A newspaper profile of a children's culinary business
|Cooking Up A Clientele
Westerly - Every business owner knows the wisdom of staying nimble, of changing to meet the demands of the consumer. For Johanna "Chef Jo" Lockhart, owner of Kidz 'n the Kitchen, varying her business model has become her mantra.
"As an entrepreneur, you have to be willing to reinvent," she said. "We really custom create our programs to the needs of the community."
Two years ago, Lockhart operated her business out of her car, offering entertaining cooking and nutrition classes for children in rented and community spaces. Last September she opened a brightly-colored 1400 square foot school in a Westerly shopping center. She held her classes there, and began offering cooking-instruction birthday parties too. One year later, Lockhart has maintained her focus on creating a fun environment for learning about food, but she has expanded on the ways she does it.
Some of the additions to her programs were planned, such as the parties.
"We thought birthday parties would be good. And they are, but what we've learned is that we need to have more offerings," she explained.
The cooking-class parties were more money than some parents wanted to spend, so she created a pizza option, where participants roll their own dough and parents pay $5 less per child.
Other additions were a surprise, even to her. On a whim, she took a group of local children on a tour of the Food Network kitchens in New York City. On another trip to the Big Apple, she took a bus full of little girls and their dolls to have tea at American Girl Place. Both trips were a success.
"The culinary tourism was not part of the original plan. It just happened," she said. "We're trying to build things like this for the community that the schools don't do."
Lockhart also began offering classes for adults. Local chefs give demonstrations and lessons on a variety of topics and cuisines, and she has begun offering pre-theater dining before select shows at Westerly's Granite Theatre.
Some of her new offerings were suggested by customers, whom she calls "guests." She said she takes ideas from clients seriously, right down to what they think of the toilet paper. At the behest of a diabetic client, she recently offered a class led by a certified diabetes educator where participants created a gourmet meal and learned other epicurean tips for diabetes-healthy eating.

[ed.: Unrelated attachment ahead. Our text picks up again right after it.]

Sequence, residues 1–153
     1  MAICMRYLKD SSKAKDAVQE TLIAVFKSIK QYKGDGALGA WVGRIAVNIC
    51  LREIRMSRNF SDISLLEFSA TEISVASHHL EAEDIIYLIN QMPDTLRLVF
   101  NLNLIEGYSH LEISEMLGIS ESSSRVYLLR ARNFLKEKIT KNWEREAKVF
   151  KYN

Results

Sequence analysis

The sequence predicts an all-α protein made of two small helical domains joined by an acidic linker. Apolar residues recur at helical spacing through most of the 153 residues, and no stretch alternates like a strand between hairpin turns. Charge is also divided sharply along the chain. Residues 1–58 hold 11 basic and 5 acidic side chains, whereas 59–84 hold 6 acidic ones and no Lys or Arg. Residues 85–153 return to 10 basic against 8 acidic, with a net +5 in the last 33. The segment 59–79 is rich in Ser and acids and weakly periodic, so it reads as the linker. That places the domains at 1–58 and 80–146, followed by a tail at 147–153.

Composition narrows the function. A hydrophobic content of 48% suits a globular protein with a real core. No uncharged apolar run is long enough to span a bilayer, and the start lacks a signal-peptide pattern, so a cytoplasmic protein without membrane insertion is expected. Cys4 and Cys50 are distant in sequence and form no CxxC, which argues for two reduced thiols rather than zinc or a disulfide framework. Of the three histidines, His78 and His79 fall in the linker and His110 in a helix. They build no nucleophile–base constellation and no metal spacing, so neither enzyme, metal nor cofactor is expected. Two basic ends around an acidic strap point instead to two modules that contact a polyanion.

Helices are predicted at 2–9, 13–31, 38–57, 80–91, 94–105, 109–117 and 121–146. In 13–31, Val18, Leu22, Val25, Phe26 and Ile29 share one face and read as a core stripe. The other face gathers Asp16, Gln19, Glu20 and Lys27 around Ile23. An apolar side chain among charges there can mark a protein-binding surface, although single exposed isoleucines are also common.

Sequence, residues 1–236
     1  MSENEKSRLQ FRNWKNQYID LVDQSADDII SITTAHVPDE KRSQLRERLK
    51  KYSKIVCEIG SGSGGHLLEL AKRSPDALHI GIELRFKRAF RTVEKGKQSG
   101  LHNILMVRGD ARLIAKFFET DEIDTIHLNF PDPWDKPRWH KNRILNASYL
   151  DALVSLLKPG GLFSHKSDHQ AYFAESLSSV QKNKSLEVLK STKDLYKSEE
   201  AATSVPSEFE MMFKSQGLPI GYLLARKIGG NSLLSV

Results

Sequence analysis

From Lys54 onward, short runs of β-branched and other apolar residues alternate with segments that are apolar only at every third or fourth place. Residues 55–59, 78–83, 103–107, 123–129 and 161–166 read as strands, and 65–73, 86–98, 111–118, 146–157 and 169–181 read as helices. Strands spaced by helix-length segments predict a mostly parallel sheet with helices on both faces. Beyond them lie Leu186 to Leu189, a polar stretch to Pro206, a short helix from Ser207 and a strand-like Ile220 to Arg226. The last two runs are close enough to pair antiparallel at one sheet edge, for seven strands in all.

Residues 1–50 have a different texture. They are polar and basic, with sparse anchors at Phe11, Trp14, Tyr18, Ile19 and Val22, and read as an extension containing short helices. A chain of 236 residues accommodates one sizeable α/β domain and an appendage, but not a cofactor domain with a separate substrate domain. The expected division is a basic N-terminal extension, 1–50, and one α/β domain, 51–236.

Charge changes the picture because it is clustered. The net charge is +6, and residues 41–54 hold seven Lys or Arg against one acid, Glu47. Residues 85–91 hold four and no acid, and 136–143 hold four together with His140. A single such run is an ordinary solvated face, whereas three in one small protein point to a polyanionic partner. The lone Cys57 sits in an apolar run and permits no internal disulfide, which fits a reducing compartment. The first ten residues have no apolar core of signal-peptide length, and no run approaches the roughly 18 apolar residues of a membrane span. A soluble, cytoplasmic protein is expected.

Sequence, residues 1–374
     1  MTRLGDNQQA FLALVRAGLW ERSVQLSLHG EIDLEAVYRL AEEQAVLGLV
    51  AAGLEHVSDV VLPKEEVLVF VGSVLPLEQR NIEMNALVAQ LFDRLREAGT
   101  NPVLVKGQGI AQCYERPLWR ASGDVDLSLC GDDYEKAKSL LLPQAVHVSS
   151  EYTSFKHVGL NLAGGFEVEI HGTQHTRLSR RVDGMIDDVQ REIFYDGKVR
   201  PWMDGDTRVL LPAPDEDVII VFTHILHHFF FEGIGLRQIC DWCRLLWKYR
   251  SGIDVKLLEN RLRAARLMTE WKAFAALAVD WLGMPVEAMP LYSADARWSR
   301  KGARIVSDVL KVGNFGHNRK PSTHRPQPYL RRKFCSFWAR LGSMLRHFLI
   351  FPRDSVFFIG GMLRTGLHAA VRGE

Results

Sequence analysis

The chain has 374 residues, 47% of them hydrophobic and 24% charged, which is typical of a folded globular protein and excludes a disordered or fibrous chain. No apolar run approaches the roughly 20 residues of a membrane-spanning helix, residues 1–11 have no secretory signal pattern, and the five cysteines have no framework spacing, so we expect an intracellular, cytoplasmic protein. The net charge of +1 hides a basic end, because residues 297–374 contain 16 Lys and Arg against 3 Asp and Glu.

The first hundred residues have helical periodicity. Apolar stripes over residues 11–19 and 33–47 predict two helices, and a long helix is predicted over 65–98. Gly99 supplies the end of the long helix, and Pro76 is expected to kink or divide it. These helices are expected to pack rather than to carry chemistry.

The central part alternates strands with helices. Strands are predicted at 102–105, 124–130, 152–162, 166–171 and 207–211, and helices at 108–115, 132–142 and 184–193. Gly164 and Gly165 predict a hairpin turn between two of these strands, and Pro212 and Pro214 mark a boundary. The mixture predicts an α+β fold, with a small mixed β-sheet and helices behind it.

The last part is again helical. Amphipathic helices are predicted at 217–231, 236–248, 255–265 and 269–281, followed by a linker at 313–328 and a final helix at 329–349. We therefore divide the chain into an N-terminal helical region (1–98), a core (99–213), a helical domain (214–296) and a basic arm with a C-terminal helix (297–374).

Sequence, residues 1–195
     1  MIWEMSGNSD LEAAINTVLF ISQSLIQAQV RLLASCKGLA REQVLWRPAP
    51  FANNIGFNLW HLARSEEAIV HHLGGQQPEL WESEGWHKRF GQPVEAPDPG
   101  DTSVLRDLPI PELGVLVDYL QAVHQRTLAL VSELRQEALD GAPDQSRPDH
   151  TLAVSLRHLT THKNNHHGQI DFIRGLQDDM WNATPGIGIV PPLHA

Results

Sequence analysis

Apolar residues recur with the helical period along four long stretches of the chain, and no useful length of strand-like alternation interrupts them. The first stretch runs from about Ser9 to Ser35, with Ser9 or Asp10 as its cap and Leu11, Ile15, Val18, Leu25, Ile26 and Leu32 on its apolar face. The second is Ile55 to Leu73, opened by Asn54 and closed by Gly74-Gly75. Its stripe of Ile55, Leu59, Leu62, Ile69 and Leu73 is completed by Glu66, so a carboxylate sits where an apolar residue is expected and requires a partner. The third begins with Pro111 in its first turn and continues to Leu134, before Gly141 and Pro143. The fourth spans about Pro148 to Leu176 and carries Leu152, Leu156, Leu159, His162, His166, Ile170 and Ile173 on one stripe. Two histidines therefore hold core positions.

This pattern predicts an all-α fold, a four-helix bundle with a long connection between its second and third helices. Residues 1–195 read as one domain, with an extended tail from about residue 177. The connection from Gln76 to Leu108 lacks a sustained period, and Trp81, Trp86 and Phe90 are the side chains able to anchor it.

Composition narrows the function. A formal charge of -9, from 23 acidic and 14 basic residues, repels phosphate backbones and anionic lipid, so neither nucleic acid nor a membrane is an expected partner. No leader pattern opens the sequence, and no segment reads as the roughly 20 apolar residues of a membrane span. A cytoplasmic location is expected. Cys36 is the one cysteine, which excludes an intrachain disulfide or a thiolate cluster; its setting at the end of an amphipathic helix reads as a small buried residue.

As part of her marketing efforts, she has been approaching the local schools to see where her programs can fit into their curriculum. After speaking with a high school Spanish teacher and learning that field trips consisted of a trip to Margaritas restaurant in Mystic to read the menu, the multi-lingual Lockhart offered an alternative -- a hands-on lesson about the foods indigenous to the region of Mexico the class was studying, taught entirely in Spanish, for the same $15 the students were spending at the restaurant. The teacher jumped at the chance.
"The deal was they had to speak Spanish," said Lockhart of the students who participated. "It was so much fun."
Her next marketing goal is to find her niche in the home-school community. Home-school groups, she explained, could come for classes during the school day when other students are in school.
"We're really aggressively developing a home-school component to this," she said. "We're getting ready to launch that."
The launch will begin on October 22, when she will host an open house for home-schooled families to find out what types of programs would fit into their curricula.
Lockhart has one employee to help her with her myriad of programs, Stephanie Castaldi, whom Lockhart calls "my right arm, my left arm, my everything." It's a great relief, Lockhart said, to know that Castaldi could uphold the business should Lockhart get hit by a bus, or, say, go to Paris and decide not to return.
"We laugh together; we cry together; we sing while we're doing the dishes," Lockhart said.
Singing is how she and Castaldi met - they were singing in the same cabaret - and it has led to another marketing venture. Lockhart will sometimes sing with her young students, but was getting sick of the repetition.
"I couldn't sing 'Itsy Bitsy Spider' one more time," Lockhart noted.
So Lockhart and Castaldi decided to sing their own songs.
"We have written six songs for a CD," Lockhart said, including "The Scrub Club Song," which explains the importance of washing your hands before eating or cooking, and "Hara Hachi Bu," which Castaldi said is Japanese for "I'm 80 percent full" and is a song about not overeating.
Should the CD come to fruition, Lockhart can sell it in the small retail section of her shop. She is already selling high-quality cooking tools designed to fit small hands, children's cookbooks she has personally approved, and embroidered aprons, among other culinary items.
Lockhart comes by her marketing acumen from years of experience, specifically, 25 years as an international marketing consultant. The idea for her second career came to her in 1999 while 45,000 feet in the air en route from Hong Kong to San Francisco. On an airline cocktail napkin she scribbled her four greatest passions: children, education, food, and performing. Underneath that list, she added Kidz 'n the Kitchen.
She had originally intended for Kidz to be a children's cooking show, produced in San Francisco. But she scrapped that when she received an offer to work for The Paragon, in Westerly.
The concept would have remained just a concept had she not been downsized in 2004. She said she had other job offers, but she liked living in Westerly and didn't want to move. She decided it was time for Kidz 'n the Kitchen to become a reality.
"I feel I am exactly where I'm supposed to be, doing exactly what I'm supposed to be doing, creating my legacy," Lockhart said. "This is the recipe for success, still under construction."